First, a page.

For the Miniature Museum, I had made small limbs in calipers, but they were not consciously medical. I was using external frame works to support bent branches. They definitely ended up looking medical. They have been repaired a bit like building structuresm=, an engineering approach to fixing things. Metal bands hold the structures together and you see that in ancient structures where people have come along and enclosed an area of a structure with metal bars and big bolts.

Could you name an artist jeweler (or more) whose work you admire and who has significantly influenced your own?

As a young child, I visited the studio of Darani Lewers and Helge Larsen in Sydney, I recall being very impressed. I was intrigued by their tools and liked the feel of their workspace. Their use of materials and techniques, and regular exhibiting has contributed significantly to an Australian vernacular.

Merv Muhling was a Queensland artist who died in 2003. I inherited the contents of his workshop including his collection of found objects from his studio. Merv’s work often included found objects, my methodology is similar to his, but the aesthetic outcomes are quite different.

Don Ross is another Queensland jeweller, also deceased, whose narrative works enthralled me as a young child and continue to inspire me. Don was a dentist who taught himself jewellery techniques at a time when formal training was not available. He shared his skills generously. He had a good sense of humour that featured in his jewellery.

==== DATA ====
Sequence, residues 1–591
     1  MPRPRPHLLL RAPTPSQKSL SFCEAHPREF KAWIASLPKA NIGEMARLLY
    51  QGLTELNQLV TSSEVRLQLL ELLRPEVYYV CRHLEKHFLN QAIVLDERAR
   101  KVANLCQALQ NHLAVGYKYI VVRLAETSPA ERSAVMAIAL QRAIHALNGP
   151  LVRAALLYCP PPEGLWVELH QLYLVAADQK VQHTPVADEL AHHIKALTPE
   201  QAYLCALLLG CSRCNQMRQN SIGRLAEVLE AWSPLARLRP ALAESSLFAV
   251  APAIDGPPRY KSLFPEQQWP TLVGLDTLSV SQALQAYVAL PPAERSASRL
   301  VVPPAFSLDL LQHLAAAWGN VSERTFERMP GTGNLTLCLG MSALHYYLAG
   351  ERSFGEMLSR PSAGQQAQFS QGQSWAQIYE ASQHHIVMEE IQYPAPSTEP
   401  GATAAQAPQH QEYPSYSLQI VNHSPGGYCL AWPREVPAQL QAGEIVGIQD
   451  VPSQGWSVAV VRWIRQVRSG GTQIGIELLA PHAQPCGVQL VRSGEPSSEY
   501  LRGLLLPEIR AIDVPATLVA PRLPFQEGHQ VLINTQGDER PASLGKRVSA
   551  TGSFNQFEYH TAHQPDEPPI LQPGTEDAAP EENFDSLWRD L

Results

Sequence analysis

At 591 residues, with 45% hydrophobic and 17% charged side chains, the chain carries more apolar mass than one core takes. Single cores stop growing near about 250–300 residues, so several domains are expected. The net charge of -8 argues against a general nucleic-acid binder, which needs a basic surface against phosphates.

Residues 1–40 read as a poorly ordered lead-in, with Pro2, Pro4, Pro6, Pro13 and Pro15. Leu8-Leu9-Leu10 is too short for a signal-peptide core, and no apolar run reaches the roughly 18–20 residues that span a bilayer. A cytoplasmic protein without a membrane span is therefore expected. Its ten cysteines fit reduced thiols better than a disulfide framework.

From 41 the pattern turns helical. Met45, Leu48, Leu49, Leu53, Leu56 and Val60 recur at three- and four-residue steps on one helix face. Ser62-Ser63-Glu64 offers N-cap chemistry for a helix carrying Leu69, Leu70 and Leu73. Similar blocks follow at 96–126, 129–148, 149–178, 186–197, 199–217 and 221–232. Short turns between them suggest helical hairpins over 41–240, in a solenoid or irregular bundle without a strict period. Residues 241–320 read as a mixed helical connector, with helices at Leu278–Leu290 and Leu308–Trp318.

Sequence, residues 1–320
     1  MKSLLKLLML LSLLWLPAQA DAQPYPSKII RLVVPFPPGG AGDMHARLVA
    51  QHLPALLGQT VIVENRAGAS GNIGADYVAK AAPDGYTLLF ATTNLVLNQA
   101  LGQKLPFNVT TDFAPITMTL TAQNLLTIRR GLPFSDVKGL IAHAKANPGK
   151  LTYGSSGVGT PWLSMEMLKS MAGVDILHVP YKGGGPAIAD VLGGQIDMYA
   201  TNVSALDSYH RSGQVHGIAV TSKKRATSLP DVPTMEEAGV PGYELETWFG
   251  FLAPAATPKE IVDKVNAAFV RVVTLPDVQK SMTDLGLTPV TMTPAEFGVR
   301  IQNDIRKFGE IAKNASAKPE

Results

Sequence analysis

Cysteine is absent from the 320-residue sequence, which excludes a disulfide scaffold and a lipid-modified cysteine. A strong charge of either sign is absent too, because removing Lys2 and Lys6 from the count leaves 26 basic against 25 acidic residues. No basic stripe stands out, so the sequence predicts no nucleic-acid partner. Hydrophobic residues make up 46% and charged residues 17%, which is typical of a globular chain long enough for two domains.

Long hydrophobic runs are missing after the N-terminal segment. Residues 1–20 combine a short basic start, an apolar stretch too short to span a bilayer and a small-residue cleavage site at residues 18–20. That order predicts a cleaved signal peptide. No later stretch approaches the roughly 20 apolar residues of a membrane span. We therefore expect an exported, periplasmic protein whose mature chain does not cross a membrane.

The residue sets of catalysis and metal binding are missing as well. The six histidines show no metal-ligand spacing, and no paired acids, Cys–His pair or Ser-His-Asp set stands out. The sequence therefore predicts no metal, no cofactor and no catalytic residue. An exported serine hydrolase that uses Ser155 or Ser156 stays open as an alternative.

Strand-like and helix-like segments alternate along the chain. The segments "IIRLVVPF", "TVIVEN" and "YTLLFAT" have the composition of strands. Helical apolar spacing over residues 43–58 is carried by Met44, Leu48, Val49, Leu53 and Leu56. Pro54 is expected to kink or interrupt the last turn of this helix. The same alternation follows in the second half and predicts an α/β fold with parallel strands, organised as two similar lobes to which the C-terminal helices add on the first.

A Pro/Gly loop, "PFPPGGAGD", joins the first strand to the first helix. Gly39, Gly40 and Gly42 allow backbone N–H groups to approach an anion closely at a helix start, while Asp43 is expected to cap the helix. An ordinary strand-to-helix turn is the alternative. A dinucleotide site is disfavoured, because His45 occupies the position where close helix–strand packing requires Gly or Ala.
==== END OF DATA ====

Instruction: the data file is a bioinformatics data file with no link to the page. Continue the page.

Muhling, Ross, Lewers and Larsen have been the primary influences for me, as I followed their works through my formative years.

Could you name one or two writers who have helped to clarify your thinking and impacted your practice? How?

Over time, the theorists who have influenced my thinking have changed a lot. Most recently I have been engaging with Vibrant Matter by Jane Bennet. She has an interesting take on thinking about the discards and materiality. Also Barbara Maria Stafford’s Echo Objects explores neurological science and its impact on how we view and understand objects and images.

Michael Crawford’s The Case for Working with your Hands deals with the satisfaction derived from manual work as opposed to screen based work. It addresses issues around transparency in manufacturing, as well as the devaluing of the labour and the value in the fixing or making of things.

Various essays and books by Richard Sennett have been influential in particular, The Craftsman.

What is next for you?

There are lots of things I am in the process of making or thinking through. Some of these are in the “cabinet of curiosities”. I have some brake and clutch handles from motorbikes I’d like to work with and I am tempted to use some bigger things. I also want to investigate more of Merv’s material that was not used. However, there is an inverse relationship between the rate of collecting and the rate of making!

I also have a thing with nails. They are ubiquitous and I have found them pretty much everywhere I have been, including Singapore one of the cleanest cities in the world, where litter doesn’t exist. Each nail is really different. Some are really old and some new; some have done nothing and some have been through fires or been torn out. The consistent thing is that they have been discarded. I could literally work on these forever, in that the supply appears endless.